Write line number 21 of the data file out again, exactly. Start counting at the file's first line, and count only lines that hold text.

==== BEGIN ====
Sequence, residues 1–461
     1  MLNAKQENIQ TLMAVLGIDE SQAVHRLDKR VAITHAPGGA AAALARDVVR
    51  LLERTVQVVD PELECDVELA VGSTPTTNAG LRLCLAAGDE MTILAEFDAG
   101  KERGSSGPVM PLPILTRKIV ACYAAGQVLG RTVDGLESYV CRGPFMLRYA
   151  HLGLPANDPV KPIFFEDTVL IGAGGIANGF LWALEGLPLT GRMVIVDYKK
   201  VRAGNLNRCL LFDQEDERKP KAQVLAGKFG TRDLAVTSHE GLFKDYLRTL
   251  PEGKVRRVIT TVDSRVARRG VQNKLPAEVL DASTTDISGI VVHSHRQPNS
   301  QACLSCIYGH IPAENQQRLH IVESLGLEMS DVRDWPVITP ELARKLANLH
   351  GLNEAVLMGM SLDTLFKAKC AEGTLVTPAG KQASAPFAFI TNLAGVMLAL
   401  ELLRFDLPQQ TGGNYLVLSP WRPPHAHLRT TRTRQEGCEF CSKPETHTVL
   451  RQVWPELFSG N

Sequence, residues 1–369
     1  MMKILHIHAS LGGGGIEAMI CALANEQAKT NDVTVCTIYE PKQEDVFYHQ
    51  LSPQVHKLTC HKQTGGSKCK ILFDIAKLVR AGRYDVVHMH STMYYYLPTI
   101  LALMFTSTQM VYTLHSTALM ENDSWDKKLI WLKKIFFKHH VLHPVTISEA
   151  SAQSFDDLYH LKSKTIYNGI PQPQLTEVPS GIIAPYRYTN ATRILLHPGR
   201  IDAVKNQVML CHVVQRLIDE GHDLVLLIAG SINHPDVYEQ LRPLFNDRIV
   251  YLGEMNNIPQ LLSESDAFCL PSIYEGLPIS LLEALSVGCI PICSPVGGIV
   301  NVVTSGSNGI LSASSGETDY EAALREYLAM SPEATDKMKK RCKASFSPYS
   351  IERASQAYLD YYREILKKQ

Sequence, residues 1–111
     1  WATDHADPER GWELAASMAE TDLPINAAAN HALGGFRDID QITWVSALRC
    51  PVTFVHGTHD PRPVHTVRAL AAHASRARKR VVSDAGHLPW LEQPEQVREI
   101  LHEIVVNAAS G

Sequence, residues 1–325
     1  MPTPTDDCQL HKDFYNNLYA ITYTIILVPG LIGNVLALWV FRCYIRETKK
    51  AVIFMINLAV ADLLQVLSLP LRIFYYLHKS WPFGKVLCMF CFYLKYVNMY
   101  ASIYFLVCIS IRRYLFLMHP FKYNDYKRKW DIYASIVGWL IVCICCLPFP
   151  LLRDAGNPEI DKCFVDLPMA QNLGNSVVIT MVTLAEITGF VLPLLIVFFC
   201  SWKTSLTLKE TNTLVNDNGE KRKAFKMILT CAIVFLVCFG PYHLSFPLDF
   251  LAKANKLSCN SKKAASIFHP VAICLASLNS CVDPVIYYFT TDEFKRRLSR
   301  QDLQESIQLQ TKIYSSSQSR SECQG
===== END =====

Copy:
Sequence, residues 1–111